Given the right salon apprentice mix this is the best way to be part of a salon team coming up through the ranks you become a respected member of staff with on floor experience so it’s a natural progression from trainee to stylist the college route does not afford this! practical experience is not really gained when doing a college course, the college environment sets you up with knowledge but not the skills to work and understand the salon it’s staff and the way it works ,studying just the theory at college will mean you have to get in salon training and experience.
Employers like to see that their future employees are keen to learn and because of this salon owners are usually very keen to take on apprentices. Will I enjoy an apprenticeship? When thinking about undertaking a hairdressing apprenticeship, you should be certain that this is the career path you wish to take.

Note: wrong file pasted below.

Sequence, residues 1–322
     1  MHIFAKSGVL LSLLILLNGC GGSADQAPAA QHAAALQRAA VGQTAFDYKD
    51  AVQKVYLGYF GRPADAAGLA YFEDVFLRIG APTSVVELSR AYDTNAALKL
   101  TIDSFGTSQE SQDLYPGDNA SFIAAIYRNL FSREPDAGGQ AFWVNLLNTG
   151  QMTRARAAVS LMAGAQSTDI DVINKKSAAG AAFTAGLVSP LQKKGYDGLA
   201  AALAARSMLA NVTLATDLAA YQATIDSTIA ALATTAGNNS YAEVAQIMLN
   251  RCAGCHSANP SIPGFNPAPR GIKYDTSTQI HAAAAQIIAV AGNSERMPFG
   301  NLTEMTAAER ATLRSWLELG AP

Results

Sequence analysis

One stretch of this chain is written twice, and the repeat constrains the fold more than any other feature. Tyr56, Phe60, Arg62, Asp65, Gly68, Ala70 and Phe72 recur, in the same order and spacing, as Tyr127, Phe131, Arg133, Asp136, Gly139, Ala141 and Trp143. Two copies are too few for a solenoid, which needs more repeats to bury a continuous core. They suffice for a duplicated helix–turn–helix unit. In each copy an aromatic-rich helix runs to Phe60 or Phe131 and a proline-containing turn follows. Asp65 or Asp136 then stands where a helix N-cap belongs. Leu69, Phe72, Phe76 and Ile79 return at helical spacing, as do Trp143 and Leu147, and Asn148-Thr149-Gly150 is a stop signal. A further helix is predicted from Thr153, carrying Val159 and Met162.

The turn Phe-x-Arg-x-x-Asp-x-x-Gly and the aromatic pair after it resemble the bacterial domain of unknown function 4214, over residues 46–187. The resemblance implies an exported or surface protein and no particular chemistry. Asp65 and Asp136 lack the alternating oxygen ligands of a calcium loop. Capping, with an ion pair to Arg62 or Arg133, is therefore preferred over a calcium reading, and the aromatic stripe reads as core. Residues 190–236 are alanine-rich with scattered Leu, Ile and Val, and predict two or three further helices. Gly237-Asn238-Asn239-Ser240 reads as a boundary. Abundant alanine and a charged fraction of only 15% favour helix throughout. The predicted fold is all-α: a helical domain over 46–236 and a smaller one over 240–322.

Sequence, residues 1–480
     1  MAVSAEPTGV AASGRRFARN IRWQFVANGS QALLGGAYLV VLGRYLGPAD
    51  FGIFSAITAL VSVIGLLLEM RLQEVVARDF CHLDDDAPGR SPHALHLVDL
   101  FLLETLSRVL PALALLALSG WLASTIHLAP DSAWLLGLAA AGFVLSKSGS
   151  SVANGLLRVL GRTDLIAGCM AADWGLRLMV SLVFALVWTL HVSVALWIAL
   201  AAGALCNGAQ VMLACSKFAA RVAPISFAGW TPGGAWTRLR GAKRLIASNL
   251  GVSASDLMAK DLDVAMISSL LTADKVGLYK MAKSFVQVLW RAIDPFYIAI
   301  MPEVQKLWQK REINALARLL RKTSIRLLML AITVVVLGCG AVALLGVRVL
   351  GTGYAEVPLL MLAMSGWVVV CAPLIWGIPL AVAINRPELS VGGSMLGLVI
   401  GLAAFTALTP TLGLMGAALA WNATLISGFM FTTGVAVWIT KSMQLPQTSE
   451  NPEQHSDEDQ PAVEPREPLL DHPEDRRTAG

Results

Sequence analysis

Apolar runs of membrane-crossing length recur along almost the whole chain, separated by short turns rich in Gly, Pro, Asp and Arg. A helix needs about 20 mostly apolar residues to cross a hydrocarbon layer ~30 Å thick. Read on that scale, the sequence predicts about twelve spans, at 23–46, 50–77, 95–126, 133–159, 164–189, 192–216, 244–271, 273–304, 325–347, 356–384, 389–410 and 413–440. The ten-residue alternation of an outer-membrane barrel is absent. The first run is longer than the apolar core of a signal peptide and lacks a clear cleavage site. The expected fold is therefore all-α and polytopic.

You need to be really focused to be successful and know that you will need to put in the work and organise your time really well. You must be prepared to be responsible for balancing your time at work with studying in order to get the most out of it; you can’t just work in the salon and not go to college because this doesn’t meet the requirements of partaking in an apprenticeship scheme. You should also be prepared to be able to work as part of a team and as an individual. How long does an apprenticeship take? This can vary from 1 year to 5; it is dependent on the contract you have drawn up with your employer and on your own ability also. .